We had some pretty bad snow, ice and a very low wind chill factor this last weekend, so I ended up cancelling all Saturday and Sunday Masses. It might seem like a mini-vacation, but it was not so for me. Whenever I cancel Mass it is actually quite agonizing. I want to celebrate Mass and spend time with my people, so it feels like I am being "kept prisoner" by the circumstances and prevented from being with them. Therefore, since none of my parishioners heard my homily this weekend, I have written it down in summary form here (which is something I never do since I always preach from a few "bullet point" notes). Here it is below:
Mark was starting his first job with his uncle's construction business. On the first day of work, his uncle told him to look over the tools that they brought to the site, and make sure they were all in good working order. If he found any that were not, he was to tell his uncle immediately before trying to repair them. As he examined the tools he found that the tips on the measuring tapes were all loose. His uncle looked busy, and so he figured he would show some initiative and just fix them himself. So he took a hammer and whacked at them until the tips were stationary. It did not take long before Mark's uncle noticed that all the boards being cut were off by about 1/8 inch. You see, the "loose tip" on the measuring tape is supposed to be that way. This is because if you measure from the inside, the tip is supposed to move out, and if you measure from the outside, the tip is supposed to move in, in order to compensate for the width of the tip itself. Yet, Mark, though he meant well, did not really obey. He had good intentions but he still chose his own way.
In the gospel reading for the Fourth Sunday of Advent, we are given the story about St. Joseph's struggle with the news of Mary's pregnancy. He sought to do what was right, but did not have the full information. When the angel spoke to him and told him what the right path was, how did he respond? He did not say "that sounds nice, but I think I know a better way". No, he "did as the angel of the Lord commanded him". We do not know how much Joseph understood about what God was doing, but we do know that Joseph realized God had been working long before the angel arrived, so he willingly obeyed, even though he may have been confused.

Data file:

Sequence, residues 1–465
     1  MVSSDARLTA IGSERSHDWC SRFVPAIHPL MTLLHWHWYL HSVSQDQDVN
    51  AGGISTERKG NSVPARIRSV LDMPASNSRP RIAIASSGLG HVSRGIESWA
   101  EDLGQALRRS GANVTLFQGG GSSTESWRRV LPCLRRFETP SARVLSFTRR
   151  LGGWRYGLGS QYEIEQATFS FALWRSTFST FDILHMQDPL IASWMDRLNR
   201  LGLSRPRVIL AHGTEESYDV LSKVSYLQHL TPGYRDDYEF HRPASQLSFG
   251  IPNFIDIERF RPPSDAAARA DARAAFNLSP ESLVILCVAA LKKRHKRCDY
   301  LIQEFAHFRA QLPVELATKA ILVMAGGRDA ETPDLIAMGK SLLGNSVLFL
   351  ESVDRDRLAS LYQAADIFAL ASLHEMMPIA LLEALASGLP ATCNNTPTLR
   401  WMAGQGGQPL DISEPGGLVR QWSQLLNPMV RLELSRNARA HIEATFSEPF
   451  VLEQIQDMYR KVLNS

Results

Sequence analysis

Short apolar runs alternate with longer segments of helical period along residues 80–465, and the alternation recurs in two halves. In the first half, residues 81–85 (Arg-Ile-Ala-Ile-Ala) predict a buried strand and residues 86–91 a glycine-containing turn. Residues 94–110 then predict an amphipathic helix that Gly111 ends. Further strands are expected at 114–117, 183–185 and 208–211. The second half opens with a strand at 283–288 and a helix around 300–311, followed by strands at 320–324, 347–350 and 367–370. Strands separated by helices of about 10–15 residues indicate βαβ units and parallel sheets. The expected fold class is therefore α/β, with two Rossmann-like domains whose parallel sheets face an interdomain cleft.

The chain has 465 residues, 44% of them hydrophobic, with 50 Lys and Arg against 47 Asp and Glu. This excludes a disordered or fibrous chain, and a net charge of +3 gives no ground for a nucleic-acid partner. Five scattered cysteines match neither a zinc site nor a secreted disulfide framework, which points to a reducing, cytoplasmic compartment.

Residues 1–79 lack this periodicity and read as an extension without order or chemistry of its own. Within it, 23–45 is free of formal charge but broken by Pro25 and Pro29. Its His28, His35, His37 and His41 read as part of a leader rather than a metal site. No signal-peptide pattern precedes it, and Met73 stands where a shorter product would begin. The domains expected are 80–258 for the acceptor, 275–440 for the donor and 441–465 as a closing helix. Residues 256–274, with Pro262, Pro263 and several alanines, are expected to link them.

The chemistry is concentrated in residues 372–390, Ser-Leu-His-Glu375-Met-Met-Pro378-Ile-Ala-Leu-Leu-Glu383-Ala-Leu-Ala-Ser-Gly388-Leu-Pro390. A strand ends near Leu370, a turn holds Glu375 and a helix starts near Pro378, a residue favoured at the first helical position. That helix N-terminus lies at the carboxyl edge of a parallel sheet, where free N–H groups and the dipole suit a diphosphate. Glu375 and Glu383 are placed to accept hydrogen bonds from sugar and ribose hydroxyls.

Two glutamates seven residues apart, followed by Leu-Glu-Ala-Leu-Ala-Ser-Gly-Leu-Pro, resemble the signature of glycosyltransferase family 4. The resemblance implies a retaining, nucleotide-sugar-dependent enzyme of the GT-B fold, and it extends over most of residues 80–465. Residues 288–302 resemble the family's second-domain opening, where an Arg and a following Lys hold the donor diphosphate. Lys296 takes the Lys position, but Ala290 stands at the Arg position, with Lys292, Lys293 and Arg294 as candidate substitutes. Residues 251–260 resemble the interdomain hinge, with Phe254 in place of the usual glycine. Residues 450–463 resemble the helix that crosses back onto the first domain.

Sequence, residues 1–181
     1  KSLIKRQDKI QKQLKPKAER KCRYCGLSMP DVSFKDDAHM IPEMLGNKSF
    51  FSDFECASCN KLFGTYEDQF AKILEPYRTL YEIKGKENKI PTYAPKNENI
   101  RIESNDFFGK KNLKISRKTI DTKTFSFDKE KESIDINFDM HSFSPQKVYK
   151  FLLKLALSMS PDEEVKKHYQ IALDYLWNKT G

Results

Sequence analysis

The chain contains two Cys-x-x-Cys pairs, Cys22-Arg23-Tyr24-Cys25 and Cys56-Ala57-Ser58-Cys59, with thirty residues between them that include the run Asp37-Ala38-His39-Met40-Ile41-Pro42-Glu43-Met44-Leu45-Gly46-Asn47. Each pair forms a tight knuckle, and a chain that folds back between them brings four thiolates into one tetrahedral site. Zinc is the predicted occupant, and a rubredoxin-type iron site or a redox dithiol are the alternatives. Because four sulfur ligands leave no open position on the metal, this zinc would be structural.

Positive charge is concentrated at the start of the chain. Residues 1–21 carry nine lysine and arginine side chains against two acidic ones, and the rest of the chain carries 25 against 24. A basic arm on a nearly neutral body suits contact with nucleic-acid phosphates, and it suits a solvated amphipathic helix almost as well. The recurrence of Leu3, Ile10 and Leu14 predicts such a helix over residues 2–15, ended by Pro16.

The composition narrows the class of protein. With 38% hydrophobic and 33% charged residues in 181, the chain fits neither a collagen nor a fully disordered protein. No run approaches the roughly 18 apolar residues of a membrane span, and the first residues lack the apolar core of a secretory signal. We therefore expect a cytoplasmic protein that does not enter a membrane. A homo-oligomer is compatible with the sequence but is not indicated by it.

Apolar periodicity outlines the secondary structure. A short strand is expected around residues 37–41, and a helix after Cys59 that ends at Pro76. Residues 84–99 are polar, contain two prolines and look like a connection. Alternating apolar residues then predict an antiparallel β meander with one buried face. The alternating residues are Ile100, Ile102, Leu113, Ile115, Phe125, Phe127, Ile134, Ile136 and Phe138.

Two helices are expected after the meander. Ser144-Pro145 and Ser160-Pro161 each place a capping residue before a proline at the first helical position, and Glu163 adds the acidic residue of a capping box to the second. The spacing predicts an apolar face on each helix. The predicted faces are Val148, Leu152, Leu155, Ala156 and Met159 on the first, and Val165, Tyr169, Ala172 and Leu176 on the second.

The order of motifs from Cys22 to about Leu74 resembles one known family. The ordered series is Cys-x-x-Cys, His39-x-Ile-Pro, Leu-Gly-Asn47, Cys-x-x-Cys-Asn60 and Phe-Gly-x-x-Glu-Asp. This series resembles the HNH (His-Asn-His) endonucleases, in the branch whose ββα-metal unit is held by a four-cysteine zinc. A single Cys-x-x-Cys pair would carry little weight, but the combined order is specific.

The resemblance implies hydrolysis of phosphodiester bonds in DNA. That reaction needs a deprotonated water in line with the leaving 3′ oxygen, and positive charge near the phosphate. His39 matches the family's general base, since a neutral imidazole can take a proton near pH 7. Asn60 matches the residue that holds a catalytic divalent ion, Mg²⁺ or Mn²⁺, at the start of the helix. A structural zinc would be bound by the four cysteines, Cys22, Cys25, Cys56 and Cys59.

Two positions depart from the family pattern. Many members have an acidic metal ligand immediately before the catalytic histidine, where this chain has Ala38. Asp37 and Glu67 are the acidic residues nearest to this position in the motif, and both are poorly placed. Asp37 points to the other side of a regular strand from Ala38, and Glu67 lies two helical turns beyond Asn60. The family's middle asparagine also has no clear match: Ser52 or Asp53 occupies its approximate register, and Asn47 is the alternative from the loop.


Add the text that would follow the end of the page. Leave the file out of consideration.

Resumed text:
The difference between obedience and disobedience is clear to all of us, but what about the difference between willing obedience and grudging obedience? The first is done with joy and without hesitation. The second is done with frustration and a selfish motivation. We all can easily slip into the latter, but we know that God is calling us to the former, and that is the example that we see in St. Joseph: "OK, Lord, though it may not make sense, I know that obedience is what is expected of me".
The reading from Romans for Sunday spoke about the "obedience of faith". This is portrayed as the entire goal of the Apostles: that people would obey God out of a heart of faith, rather than merely a sense of obligation. We are supposed to obey because we want to, not just because we are supposed to. This is what parents should be teaching their children: obey because it is right and good and leads to eternal joy.
Here is the final point in our Advent preparations for Christmas. Commit yourself to a having a heart of obedience, a heart that looks first to do what you are called to do. Do this because obedience changes us, for the better. When we obey, and especially when we live a life directed toward obedience, the very act of submission to God helps to change our very souls. It helps us to grow in love for God, and find wisdom in all of life's challenges.
For each of us, God is working on something in our lives. That is much of the purpose of Advent, to allow God to do that work without getting in His way. What is God working on in your life? How is He preparing you for a deeper relationship with Him? Just as St. Joseph obeyed and found great joy in the birth of Christ, so also we must learn greater obedience so that we may find joy in the actual celebration of Christmas (and I am not referring to the "fluff" of Christmas, but the Christmas Mass itself). This is what it means to live in God's grace.